Youth Volunteers Work to Restore Habitat for Endangered Kiwikiu
By Maui Now Staff
A group of youth volunteers spent recent weeks planting thousands of native trees on the leeward slopes of Haleakalā as part of an effort aimed at restoring dryland habitat for endangered native plant and bird species including the Kiwikiu or Maui Parrotbill bird, which numbered only 500 at last report.
In the weeks preceding Arbor Day (Friday, April 24, 2015), groups from Kupu Hawaiʻi Youth Conservation Corps traveled to the Nakula Natural Area Reserve under a partnership with the state Division of Forestry and Wildlife.
Under the partnership the group is tasked with planting 20,000 native trees in an effort to bring back life and water to the barren slopes damaged by non-native hooved animals.
In order to make use of a $300,000 federal grant before the end of 2016, the group has been planting at a rate of 2,800 trees per day, according to information released by the state Department of Land and Natural Resources.
The Nakula Natural Area Reserve was established in 2011 and features a landscape with “dramatic elevational change of 5,600 vertical feet in 2.5 miles,” according to the DLNR.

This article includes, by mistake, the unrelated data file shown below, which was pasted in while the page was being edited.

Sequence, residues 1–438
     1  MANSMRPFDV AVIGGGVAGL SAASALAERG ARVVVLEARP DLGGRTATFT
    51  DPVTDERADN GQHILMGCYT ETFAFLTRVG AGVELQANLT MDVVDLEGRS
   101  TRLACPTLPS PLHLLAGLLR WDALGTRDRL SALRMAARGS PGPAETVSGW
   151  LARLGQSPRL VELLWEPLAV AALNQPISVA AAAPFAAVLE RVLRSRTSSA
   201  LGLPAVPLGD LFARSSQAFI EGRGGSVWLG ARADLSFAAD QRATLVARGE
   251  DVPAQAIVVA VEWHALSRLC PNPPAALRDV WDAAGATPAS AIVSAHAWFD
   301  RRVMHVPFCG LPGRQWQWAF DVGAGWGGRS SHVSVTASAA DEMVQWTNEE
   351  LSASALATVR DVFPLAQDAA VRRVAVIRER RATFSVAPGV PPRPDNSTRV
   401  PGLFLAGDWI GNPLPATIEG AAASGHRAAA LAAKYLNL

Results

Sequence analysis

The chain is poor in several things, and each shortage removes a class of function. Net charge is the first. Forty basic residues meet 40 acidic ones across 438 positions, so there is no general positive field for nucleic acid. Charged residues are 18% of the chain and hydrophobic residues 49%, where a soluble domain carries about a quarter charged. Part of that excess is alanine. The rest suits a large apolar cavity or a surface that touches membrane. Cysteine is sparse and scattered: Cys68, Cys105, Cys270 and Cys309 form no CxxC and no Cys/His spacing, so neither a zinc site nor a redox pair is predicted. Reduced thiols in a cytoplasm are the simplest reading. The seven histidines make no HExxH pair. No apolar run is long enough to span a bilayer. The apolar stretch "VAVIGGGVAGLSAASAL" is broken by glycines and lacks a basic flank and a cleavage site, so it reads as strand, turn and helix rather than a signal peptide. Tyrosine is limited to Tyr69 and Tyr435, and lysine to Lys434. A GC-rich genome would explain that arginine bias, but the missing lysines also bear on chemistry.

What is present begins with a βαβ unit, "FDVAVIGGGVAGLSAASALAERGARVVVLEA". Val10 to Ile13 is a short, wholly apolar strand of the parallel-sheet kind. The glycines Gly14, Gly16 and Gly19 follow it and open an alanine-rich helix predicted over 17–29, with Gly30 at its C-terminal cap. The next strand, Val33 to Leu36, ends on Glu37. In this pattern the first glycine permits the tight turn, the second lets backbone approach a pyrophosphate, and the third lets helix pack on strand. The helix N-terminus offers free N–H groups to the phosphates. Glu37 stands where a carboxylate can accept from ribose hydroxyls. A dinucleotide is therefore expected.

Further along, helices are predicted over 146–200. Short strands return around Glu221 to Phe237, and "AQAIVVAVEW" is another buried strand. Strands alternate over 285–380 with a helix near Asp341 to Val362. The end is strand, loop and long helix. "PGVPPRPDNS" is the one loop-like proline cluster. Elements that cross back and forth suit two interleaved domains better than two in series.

“The mostly koa-dominated dryland forests are habitat for nine species of endangered Hawaiian plants and four species of birds, including the Kiwikiu or Maui Parrotbill,” department officials said.
As one of the rarest birds in the world, the Kiwikiu is no longer found at the reserve, but crews with the Maui Forest Bird Recovery Project reportedly plan to begin reintroduction of the species in five years “as an insurance policy to prevent extinction of the species.”
Peter Landon, manager of the NAR System on Maui commented in a department press release saying, “Pressure from ungulates is what really destroyed it all; the trees just couldn’t handle being trampled and eaten, and now the environment may be too dry for any of the seeds to establish. Back when it was a closed canopy forest, there used to be freshwater springs and streams that ran all the way to the ocean.”
About Nakula he said, “This is really it. We are attempting to restore a forest in a small reserve of 1,400 acres, we’ve got Kanaio NAR (less than 900 acres) and that’s all we’re protecting from a dryland forest that used to span from Makawao to Kaupō; it’s kind of sad.”
According to department officials, each morning starts with a steep climb from base camp up the slopes, where thousands of koa, ʻōhiʻa lehua, mamane and aʻaliʻi seedlings have been dropped by helicopter.
“The volunteers form an outplanting assembly line, putting trees in the ground at an incredible rate,” officials said.
“E ola ‛oe. E ola mākou nei,” Malia Heimuli whispers as she removes a koa seedling from its container and buries its roots in the soft, dark earth. “It means you live, so we live.”
***Information courtesy state Department of Land and Natural Resources.